I've been reading a lot lately, and a lot is historical fiction or real life stories. I've gotten into them because I feel like I'm learning something at the same time as being entertained, even when I'm being horrified by what happened. One of the books I recently read was about a Chinese boy, then man, who lived during WWII and after, and how many of the Chinese separated themselves from the Japanese to protect themselves. However he fell for a Japanese girl who later got sent to an internment camp and how the lives they had known and built for themselves were taken from them. It was called Hotel on the Corner of Bitter and Sweet. I've already requested I'm Gone from the library after you mentioned it because when I checked it out at Amazon, it sounded like something that I'd enjoy. I love finding out about people's lives and experiences. Wars and politics, not so much, other than how they affect the people.

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:GM_FCA:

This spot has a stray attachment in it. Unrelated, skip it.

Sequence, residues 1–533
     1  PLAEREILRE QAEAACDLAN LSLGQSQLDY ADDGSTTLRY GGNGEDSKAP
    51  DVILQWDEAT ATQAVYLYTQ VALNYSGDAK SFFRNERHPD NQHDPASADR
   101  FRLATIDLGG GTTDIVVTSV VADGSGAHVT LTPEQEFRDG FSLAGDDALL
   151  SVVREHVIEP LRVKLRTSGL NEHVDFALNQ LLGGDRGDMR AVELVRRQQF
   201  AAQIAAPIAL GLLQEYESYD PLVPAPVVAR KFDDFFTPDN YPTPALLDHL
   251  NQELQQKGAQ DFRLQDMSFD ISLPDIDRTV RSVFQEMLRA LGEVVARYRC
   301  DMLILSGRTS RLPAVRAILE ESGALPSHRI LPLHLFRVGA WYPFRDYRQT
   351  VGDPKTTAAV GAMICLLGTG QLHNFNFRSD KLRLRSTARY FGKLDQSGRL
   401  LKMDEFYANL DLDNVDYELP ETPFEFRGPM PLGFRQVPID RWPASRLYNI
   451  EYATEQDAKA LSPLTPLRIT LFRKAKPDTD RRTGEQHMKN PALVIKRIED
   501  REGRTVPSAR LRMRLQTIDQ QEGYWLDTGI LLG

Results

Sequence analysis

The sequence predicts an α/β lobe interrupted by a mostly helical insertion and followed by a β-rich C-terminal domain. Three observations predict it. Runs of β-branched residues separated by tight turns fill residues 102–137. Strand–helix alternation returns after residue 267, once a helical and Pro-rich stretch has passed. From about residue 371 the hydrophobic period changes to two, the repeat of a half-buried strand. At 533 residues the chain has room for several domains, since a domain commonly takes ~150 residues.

60 Days until The Gala!Yahoo.gif

Happy Birthday to all celebrating!

Everyone have a great day!

Kim

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And keepingfaith, I'm not sure I get what you are saying about not wanting to get entertainment from something that you had previous experiences of, if only as an observer. Most of us do that all of the time. We read and watch books or movies about things like the Holocaust or abuses during the Civil Rights era or killings, etc. all the time. Now I'm not saying that we are sitting there cheering and laughing about others pain, but there has to be some entertainment value or we wouldn't be watching them. They make me feel and think, and for me, that is entertaining. And sometimes it even makes people act to make things better when they see or read about these atrocities, even if they were meant primarily as entertainment.